Though they look relatively simple in construction, garage doors actually have many components, especially if they’re hooked up to an electric opener. Because of this level of complexity—and the fact that a garage door must stand up against harsh weather—a garage door may suffer from any of several problems.
In addition to basic maintenance, many of the necessary repairs are jobs that you may be able to handle yourself. This video offers a great overview of basic maintenance that you can do in a few minutes to keep your garage door tuned up. It will walk you through tightening hinges, lubricating hinges. rollers, and other parts, and more.
The most common problem is that the door becomes difficult to lift and lower. This may be something that can be resolved with a few simple adjustments and basic maintenance, or it may be more serious. If the door is connected to an electric opener, the first clue is to disconnect the opener mechanism from the door by pulling the release cord or lever.
If the door works fine manually, the problem is with the electric opener; in this case, consult your owner’s manual or call a garage door opener repair pro.
A door that seems unusually heavy to lift may have a problem with spring tension. Garage door springs are under extreme tension because of the loads they must lift, and this makes them dangerous to adjust. If your door’s springs are out of adjustment, do not attempt to work on them yourself. Call a qualified garage door contractor.
Problems with a garage door lock can usually be traced to a poorly aligned lock bar.
Fixing this is often just a simple matter of loosening a couple of screws, realigning the mechanism so that it slides properly into the receiving piece, and then tightening the screws.
Because a garage door is a very large, heavy, moving part, it’s prone to fall out of adjustment with daily use. When this happens, the door becomes harder and harder to lift and lower.
The best way to prevent a garage door from growing obstinate is to inspect it every year for loose or worn hinges, springs, and other hardware and, when you notice a problem, to address it immediately before it has a chance to worsen.
The first line of defense is to lubricate the moving parts. As shown below left, apply penetrating oil to all rollers and hinges at least once a year. If you notice any loose screws, bolts, or nuts, tighten them so parts won’t fall out of adjustment.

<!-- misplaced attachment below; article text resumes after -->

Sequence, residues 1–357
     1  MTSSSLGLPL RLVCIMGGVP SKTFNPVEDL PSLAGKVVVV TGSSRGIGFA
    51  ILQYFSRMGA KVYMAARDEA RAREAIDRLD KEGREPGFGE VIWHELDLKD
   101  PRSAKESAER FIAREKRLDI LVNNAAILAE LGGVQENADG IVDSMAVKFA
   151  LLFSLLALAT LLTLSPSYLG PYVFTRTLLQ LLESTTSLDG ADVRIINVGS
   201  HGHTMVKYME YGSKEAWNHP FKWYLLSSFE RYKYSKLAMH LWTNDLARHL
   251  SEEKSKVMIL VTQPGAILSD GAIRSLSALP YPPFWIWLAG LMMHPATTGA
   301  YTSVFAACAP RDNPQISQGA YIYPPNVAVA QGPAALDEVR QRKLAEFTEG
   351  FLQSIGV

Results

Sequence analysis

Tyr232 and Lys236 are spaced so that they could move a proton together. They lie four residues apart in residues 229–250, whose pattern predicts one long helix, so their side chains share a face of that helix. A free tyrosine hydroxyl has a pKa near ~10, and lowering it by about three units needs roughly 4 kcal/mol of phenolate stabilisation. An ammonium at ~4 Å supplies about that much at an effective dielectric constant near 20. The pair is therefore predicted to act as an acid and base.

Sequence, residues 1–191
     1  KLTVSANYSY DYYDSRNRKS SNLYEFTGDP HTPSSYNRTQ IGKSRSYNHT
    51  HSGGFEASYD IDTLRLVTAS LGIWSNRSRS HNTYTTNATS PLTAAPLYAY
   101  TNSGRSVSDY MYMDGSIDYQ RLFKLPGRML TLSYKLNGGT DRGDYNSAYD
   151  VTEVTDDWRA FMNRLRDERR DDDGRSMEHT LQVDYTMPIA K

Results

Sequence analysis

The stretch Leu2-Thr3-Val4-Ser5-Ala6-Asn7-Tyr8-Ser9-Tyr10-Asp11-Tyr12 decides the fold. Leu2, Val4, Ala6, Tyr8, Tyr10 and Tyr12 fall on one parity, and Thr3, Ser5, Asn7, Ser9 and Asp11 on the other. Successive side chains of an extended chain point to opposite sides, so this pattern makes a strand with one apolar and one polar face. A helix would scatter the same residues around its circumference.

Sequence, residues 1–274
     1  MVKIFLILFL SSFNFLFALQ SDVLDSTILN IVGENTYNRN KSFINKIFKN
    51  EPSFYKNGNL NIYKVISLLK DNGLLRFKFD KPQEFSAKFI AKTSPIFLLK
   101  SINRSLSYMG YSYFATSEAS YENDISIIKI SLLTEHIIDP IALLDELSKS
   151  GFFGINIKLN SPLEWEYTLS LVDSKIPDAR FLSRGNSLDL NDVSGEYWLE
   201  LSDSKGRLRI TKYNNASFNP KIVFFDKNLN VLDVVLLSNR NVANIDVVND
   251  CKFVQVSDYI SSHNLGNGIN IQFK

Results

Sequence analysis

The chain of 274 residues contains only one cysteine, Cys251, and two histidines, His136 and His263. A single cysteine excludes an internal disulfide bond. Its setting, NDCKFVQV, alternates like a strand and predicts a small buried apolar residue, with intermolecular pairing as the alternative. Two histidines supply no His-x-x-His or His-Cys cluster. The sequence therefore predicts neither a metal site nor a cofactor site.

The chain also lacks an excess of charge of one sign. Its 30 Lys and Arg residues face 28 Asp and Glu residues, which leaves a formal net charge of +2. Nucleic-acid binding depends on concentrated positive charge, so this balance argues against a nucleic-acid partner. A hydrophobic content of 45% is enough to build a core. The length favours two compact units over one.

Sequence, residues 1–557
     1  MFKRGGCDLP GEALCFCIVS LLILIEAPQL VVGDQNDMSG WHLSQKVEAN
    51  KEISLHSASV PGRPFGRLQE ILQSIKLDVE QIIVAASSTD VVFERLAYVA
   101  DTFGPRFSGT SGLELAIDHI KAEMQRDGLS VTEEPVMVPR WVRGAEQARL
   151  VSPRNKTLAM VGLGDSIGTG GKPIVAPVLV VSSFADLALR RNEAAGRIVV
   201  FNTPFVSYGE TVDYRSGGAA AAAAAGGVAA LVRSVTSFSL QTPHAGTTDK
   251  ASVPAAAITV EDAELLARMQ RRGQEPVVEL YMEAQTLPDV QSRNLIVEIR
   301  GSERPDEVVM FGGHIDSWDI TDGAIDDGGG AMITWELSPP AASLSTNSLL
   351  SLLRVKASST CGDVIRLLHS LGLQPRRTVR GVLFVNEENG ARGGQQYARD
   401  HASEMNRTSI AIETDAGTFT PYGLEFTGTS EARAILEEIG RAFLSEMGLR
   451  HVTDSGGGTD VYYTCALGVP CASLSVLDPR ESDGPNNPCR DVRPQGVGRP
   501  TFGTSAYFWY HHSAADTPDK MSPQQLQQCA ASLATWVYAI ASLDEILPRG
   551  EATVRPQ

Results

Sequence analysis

To prevent binding, tracks must be properly aligned to guide the rollers. If one or both of the tracks needs adjustment, loosen its mounting bolt and use a hammer and a wood block to persuade it into the proper direction, as shown at right. Then retighten the bolt.
If the garage door opener needs adjustment, please see How to Adjust a Garage Door Opener.
If you have a wood door, be sure to keep it properly painted or stained, both outside and inside. If you finish only the outside of a garage door, the door may warp and the moisture will subvert the paint, causing it to peel.
Manufacturers of wood doors recommend you initially paint both the inside and outside and repaint the exterior surface every year or two.
If you have a swing-up, one-piece door that sags in the middle when it’s in the raised position, you may be able to solve the problem by having a garage door contractor install metal reinforcing strips or rods across the inner face of the door. Then again, it may be time to replace the door with a roll-up door.
The key to maintaining the proper and safe operation of your garage door is keeping it in adjustment. Most standard openers adjust in similar ways, but make sure to check your owner’s manual before trying any of these adjustments.
With the door in a closed position, press the open button. If the door does not open completely but opens at least 5 feet, the limit-adjustment screw needs to be turned clockwise. If the door closes partially but not completely, the down-adjustment screw needs to be turned counterclockwise.
Garage Door Force
If the door reverses when it is closing, first check to make sure that the sensors are not being blocked by anything; if not, increase the down force. If the door does not open at least 5 feet, increase the up force.
All garage door openers today come with a safety reverse feature to prevent harm to people, pets, and objects that may be in the way when the door is closing. To test this feature, place a 2 by 4 across the garage door’s threshold. Press the close button; if the door stops but does not ascend immediately, turn the screw on the down limit clockwise by one-quarter. Then test the safety reverse system again.